Far Eastern Promise For Crossover Jets

Credit: Embraer

Even in an industry totally shaken by a global pandemic, some things don’t appear to be changing as a post-Covid world emerges. One of those is that the proportion of global aircraft deliveries scheduled to go to Asia remains the largest of any region. 

It has to be said, however, that the number of crossover narrowbody jets – such as the Airbus A220 and Embraer E-Jets E2 families – among those orders is a long way from challenging the figures rattled up by the regular single-aisle types, the Airbus A320neo and Boeing 737 MAX families. Both manufacturers though, expect some change to that scenario.

Embraer’s most recent forecast covering 2020-29 modestly expects the fleet of jets up to 150 seats across Asia and including China to grow from 800 to 2,020 over that period (although it should be noted that this forecast was kept at 10 years rather than the 20 years most forecasts cover). Raul Villeron, VP sales and marketing Asia-Pacific for Embraer Commercial Aviation, explains where the company believes those orders will come from.

“We are seeing airlines introducing E-Jets in the Asia Pacific region, in countries such as Australia, Vietnam, Myanmar and Mongolia, mostly for domestic operations,” the VP reports. “We also see that on top of a large fleet of E-Jets currently flying in China, we expect growth in crossover jet deployments because the segment supports China’s diversification strategy to connect the eastern and western regions. This also offers rightsized solutions to connect across borders, along the “Belt and Road” (B&R) – and beyond – via Kazakhstan for the land component of the B&R, as well as Cambodia in the south for the sea component. 

“In India, a significant opportunity exists to connect, for the first-time, hundreds of second and third tier cities to larger hubs, as well as adding services to underserved markets,” he continues. There will have to better execution of the business plan though, as previous attempts by Paramount Airways and Air Costa floundered.

“Indonesia, the largest archipelago nation in the world, has a latent need to connect islands to primary and secondary hubs, and to prepare its infrastructure to serve the new capital being planned in Kalimantan, Borneo,” Villeron observes. “There are currently around 100 legacy aircraft in operation in Australia with similar capacity and range of the E-Jets E2, that will soon require replacement, presenting significant opportunities including the chance to lower fuel burn, have less noise, higher reliability and improved green credentials.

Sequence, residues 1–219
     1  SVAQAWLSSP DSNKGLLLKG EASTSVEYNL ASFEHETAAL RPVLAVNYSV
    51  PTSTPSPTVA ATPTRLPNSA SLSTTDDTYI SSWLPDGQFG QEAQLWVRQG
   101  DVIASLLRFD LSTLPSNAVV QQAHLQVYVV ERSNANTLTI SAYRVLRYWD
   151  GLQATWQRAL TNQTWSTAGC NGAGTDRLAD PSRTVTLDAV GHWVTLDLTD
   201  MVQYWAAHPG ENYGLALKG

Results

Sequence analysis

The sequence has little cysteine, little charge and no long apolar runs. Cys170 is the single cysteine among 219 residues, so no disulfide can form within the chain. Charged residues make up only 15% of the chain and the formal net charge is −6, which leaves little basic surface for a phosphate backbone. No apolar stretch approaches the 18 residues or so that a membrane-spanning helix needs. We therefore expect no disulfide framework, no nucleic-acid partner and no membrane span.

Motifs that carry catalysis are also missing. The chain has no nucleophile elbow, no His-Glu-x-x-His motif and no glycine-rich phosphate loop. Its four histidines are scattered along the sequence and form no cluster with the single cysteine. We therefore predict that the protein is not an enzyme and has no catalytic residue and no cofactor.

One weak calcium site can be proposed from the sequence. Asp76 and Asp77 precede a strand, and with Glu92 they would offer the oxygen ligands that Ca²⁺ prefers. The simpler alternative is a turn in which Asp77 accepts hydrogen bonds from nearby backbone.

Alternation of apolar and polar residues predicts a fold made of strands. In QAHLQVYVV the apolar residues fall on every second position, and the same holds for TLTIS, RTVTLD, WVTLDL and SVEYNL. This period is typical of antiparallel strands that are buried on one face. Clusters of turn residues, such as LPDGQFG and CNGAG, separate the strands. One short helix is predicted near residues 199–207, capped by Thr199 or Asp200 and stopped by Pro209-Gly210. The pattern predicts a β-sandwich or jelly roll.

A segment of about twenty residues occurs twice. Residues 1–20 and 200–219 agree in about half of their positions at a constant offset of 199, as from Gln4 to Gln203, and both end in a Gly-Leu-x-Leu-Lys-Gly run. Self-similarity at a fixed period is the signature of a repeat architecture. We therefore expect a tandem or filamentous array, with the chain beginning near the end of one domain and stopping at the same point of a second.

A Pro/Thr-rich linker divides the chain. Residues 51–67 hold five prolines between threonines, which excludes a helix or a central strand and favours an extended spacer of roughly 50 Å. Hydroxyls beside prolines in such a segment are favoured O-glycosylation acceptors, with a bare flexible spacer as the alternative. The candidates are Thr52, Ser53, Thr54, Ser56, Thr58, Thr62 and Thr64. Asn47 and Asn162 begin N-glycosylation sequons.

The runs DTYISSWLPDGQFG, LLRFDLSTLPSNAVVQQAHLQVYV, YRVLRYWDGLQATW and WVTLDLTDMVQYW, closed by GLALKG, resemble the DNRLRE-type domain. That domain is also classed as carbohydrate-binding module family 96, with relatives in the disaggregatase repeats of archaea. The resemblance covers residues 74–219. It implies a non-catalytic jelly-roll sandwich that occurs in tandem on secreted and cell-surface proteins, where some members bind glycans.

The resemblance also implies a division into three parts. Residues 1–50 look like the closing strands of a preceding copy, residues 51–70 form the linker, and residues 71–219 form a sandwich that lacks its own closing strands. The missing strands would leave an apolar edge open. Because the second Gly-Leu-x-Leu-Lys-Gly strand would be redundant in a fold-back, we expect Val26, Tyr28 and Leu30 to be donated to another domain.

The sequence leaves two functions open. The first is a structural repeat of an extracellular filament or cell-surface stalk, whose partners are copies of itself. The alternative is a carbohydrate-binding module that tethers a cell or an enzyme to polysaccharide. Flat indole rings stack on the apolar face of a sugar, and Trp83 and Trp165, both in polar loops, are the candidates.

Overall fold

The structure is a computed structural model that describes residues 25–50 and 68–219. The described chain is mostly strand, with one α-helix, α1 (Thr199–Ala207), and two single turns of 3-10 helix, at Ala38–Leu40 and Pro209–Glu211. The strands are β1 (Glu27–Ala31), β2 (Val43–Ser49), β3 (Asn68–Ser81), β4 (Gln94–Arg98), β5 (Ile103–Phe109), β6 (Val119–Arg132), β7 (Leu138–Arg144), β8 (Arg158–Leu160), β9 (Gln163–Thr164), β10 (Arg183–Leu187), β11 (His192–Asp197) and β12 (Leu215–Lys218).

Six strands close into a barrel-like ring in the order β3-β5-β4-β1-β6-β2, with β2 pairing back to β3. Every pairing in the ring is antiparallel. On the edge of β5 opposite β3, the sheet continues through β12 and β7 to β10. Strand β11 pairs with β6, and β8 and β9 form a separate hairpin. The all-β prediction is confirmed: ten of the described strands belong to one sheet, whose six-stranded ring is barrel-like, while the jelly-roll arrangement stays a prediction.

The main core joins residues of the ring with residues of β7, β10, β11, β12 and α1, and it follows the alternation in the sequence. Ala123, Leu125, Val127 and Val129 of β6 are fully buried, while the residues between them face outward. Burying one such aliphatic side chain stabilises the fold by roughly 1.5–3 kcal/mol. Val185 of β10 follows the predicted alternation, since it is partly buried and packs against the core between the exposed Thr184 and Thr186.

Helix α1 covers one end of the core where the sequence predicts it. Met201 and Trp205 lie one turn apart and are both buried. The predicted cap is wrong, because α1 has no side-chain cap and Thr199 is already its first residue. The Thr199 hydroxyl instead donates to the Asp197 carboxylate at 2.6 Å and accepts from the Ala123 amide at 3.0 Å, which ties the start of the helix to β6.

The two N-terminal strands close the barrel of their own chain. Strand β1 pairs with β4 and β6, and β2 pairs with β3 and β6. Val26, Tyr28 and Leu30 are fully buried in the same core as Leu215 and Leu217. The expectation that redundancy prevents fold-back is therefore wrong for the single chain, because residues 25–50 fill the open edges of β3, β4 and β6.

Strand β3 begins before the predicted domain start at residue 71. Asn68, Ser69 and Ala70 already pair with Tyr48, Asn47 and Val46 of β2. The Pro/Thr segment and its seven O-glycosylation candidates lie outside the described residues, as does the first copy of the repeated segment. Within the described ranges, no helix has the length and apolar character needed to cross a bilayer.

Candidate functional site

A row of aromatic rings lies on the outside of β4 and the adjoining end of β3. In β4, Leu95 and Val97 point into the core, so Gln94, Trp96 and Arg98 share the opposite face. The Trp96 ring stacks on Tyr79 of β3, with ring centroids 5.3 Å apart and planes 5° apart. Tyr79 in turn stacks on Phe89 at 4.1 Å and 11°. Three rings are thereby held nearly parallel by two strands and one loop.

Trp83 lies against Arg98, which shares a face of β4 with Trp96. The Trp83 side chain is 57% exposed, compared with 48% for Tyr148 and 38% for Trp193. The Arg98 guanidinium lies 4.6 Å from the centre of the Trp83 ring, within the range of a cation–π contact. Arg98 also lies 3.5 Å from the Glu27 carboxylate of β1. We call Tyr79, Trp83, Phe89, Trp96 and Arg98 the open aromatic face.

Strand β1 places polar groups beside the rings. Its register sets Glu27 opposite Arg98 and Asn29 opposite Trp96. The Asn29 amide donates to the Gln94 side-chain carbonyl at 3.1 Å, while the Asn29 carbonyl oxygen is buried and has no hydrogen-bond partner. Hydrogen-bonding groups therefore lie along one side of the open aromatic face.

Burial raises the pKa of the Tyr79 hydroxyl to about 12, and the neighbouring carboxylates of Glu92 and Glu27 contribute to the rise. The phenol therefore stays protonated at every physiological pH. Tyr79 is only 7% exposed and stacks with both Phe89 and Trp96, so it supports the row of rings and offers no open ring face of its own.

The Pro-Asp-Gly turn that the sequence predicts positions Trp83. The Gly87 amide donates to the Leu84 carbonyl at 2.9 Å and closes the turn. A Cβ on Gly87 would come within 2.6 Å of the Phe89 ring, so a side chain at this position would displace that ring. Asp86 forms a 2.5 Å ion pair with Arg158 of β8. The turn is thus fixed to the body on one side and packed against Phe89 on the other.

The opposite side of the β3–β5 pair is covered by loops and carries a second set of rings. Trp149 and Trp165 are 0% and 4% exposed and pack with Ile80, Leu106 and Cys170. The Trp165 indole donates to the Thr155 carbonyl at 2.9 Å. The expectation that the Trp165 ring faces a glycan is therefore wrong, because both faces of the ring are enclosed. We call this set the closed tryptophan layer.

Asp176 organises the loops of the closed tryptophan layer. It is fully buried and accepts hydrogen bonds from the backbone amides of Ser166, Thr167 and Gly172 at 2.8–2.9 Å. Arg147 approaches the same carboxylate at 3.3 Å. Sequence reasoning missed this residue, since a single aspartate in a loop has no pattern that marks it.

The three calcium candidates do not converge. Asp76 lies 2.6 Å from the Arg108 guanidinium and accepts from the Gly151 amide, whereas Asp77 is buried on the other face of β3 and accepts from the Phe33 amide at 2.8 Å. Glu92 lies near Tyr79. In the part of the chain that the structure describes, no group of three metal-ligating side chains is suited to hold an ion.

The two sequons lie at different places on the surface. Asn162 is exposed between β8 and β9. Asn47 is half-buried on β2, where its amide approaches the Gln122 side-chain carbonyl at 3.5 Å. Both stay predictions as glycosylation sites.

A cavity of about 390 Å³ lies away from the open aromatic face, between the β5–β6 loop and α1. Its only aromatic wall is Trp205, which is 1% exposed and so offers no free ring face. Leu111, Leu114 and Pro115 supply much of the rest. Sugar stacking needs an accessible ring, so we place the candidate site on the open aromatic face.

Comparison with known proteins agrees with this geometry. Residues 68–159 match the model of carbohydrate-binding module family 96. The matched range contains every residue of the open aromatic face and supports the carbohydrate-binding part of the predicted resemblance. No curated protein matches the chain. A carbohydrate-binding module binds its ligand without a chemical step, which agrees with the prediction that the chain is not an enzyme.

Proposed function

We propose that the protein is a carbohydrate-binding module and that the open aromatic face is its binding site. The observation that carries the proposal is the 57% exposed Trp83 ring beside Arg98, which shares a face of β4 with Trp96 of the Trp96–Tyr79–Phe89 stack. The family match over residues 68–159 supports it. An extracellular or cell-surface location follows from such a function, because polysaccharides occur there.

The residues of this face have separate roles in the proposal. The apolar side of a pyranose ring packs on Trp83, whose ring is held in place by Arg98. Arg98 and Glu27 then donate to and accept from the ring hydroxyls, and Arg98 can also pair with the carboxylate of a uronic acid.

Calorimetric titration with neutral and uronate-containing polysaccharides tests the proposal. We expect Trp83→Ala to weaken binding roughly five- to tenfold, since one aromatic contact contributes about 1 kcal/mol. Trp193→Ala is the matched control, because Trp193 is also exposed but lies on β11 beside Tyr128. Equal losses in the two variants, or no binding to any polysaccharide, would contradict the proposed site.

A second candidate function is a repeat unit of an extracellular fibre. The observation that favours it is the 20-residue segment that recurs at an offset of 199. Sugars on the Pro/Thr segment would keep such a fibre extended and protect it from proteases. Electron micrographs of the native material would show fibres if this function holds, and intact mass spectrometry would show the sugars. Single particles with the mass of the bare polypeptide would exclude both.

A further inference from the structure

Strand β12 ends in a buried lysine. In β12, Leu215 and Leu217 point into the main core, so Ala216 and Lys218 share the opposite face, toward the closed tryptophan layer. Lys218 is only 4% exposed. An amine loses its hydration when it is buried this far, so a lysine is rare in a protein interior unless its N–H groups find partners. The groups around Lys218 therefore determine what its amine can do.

“In Japan, where a large fleet of E-Jets already operates, more fuel-efficient crossover jets will be instrumental in adjusting local fleets to a more rational gauge. A significant percentage of the large narrowbodies deployed there domestically are inefficient and/or oversized. Therefore, across the whole Asia-Pacific, we continue to see a strong fleet of crossover jets being more attractive than larger narrowbodies to serve domestic, cross border and islands traffic for many years to come,” Villeron remarks.

As a result of the Covid-19 pandemic, Airbus has not released a Global Market Forecast (GMF) since September 2019. That document placed the A220 and A320 families into one category of ‘Small’ aircraft, so little can be gauged about the A220’s own predicted sales figures.

Korean Air
Credit: Wikimedia

“For some, the impact of COVID on aviation was so deep that those strategies of aggressive growth and the rush for market share – employed by many operators in Asia – had to be revaluated. Airlines CEOs in Asia, and indeed around the world, are recognizing that this is an opportunity to rethink, recalibrate and re-strategize the financing of their fleets,” he explains.

According to a company spokesperson, Airbus is still evaluating the impact of the pandemic on the various market sectors and intends to release its new GMF before the end of the year. However, the company says it sees strong demand in the region for crossover jets and particularly its own type, “due to its new levels of efficiency, wider cabin and longer range capability”.